Scott Morrison is good, but is he great?
WHO is Australia's greatest Prime Minister? Ben Chifley, Sir Robert Menzies, John Curtin, Alfred Deakin, Bob Hawke and John Howard are names that dominate that elite club. It seems they possessed the qualities we desire in a good leader - political courage, longevity and vision.
My favourite PM was Paul Keating, for a whole range of reasons, not least of which was his rare intellect, swagger and acid tongue, but that doesn't necessarily make him a great Prime Minister.
Last week, we saw Scott Morrison achieve a net popularity rating that was the highest of any Prime Minister since Newspoll began.
Morrison is a good Prime Minister. His pandemic performance has been exemplary and he showed during the 2019 election that he is a terrific campaigner.
But will he be a great Prime Minister? If he's smart and strategic - which he most certainly is - Morrison may well be mentioned in the same breath as the Big Six.
And here you go ScoMo, for the price of your Sunday paper, the blueprint for success requires just one simple ingredient - good old fashioned Aussie ticker.
Morrison is not regarded as a reformer or a change agent. He's more of a manager of business, steady as she goes, sort of chap.
That model is perfect when the waters are glassy and there are few headwinds around. But during a pandemic and when our biggest trading partner, China, starts throwing its toys out of the cot, you need a man not a mouse pulling the levers.
Morrison must use the adversity and desperation of a soul-sapping pandemic to lift Australia's flagging spirits and make our economy the envy of the western world.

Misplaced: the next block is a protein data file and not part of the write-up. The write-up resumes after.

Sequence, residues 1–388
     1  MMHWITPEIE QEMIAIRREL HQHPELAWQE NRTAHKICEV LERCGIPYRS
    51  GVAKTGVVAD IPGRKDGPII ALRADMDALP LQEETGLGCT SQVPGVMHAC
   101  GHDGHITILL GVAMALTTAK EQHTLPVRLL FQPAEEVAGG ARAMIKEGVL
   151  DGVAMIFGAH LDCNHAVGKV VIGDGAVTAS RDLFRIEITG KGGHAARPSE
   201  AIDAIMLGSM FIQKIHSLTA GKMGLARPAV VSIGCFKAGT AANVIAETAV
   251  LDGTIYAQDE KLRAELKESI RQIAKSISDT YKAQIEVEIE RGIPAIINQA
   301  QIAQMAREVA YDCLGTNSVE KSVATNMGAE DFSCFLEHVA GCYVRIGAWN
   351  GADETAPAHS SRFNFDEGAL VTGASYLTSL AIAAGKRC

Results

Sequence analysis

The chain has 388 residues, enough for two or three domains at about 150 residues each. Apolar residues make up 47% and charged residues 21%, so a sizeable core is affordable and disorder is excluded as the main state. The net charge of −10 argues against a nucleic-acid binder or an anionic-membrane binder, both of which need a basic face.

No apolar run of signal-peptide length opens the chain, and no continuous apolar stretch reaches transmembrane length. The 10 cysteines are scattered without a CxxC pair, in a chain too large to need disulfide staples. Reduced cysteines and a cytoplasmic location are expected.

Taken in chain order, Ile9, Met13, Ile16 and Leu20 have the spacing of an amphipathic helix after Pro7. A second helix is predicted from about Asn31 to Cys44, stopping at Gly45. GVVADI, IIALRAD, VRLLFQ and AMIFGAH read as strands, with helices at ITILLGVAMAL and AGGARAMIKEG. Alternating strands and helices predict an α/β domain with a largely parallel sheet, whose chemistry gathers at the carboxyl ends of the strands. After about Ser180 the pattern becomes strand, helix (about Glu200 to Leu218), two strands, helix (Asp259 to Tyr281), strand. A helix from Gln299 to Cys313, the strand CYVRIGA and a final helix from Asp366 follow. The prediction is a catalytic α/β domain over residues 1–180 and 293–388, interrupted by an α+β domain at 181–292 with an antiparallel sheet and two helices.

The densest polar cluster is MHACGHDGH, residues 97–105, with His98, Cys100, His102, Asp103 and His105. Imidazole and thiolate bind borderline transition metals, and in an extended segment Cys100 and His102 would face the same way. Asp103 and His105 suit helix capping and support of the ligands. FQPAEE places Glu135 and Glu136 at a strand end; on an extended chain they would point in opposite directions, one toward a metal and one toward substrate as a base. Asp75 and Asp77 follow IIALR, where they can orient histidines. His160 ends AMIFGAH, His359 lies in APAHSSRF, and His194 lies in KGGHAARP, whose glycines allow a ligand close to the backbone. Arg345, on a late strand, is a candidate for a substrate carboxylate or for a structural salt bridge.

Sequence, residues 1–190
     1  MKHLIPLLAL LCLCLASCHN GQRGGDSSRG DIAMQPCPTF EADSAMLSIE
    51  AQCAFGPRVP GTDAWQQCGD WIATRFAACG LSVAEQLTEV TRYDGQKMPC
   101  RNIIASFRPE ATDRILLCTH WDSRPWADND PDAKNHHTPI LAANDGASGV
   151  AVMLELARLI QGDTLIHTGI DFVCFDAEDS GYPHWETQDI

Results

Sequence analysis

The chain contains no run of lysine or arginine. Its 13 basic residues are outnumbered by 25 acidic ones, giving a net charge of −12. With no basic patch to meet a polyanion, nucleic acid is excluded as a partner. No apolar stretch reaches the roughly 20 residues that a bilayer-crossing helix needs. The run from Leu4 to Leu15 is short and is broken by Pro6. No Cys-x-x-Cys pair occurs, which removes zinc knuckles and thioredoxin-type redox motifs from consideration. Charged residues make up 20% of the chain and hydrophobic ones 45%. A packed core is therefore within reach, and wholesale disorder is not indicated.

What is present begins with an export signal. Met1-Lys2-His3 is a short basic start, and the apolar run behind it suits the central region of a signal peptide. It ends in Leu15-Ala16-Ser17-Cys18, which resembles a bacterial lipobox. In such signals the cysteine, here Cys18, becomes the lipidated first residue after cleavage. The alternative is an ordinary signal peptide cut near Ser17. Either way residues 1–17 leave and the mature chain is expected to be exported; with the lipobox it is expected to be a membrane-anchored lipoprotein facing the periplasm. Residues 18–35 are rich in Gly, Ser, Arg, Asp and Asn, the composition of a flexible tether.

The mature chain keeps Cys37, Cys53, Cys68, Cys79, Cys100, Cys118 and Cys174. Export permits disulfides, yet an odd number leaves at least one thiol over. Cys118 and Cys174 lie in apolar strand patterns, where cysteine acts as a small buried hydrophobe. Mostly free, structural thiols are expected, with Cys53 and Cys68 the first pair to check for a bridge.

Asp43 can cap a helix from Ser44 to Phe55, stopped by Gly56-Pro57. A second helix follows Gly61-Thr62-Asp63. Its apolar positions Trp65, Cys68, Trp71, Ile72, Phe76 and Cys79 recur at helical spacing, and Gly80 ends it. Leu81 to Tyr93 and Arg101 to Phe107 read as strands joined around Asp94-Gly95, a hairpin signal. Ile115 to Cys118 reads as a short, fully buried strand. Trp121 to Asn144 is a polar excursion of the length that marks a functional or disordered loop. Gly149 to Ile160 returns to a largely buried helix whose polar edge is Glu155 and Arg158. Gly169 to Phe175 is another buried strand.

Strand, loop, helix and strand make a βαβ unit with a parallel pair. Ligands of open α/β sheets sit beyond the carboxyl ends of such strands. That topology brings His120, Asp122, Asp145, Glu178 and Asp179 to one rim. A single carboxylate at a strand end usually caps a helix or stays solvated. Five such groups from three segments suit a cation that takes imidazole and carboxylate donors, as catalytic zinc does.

That means developing an economy that diversifies away from China. They have shown their disdain for Australia.
We must stare them down and cut the umbilical chord. The visa concessions to Hong Kong citizens is a good start.
Secondly, and most importantly, we must change our economic system, acknowledging that the current fundamentals and dynamics do not protect us from global headwinds. Reserve Bank Governor Philip Lowe said last week:
"While some economic indicators have picked up the outlook remains uncertain and the recovery is expected to be bumpy and will depend upon containment of the coronavirus.''
It is clear the Victorian second wave will hurt. It puts the country's second biggest state economy back to square one and the impact on the national fiscal narrative will be significant.
Every sector - from tourism, property, small business … the list goes on - will be affected and as the economic renaissance takes shape in coming months, the first real test for the PM will be taxation reform. He needs to fast track the PAYG tax cuts for high earners - earmarked for 2024 - and start them in 2022.
One of the reasons the Hawke-Keating era is so universally lauded was its trailblazing policy reform around superannuation, floating the dollar and deregulating the financial system.
These were true reforms and achievable because Hawke had absolute power within cabinet. Howard introduced the GST at the zenith of his power and popularity. It nearly cost him the Prime Ministership but he knew it was right for the country.
Morrison now has a taxation reform template to work with, which means moving away from income, company, payroll taxes and stamp duty, to consumption taxes. Fast forwarding proposed income tax cuts would be the first step.
Increasing the GST is another measure that must be considered. Lowering the company tax rate from 30 per cent to 25 per cent is a no-brainer.
After a miracle 2019 election win, Morrison enjoys tremendous decision-making power within cabinet.
Australians, mostly, trust him. The fact that Labor is a rabble means Morrison will surely win the next election.
That gives him the certainty and longevity to get major fiscal reforms through. Morrison must not squander the long term economic reform opportunities that are essential to Australia's post COVID-19 recovery.
If Morrison squibs it, he will always be known as a good PM, not a great one.
Originally published as Scott Morrison is good, but is he great?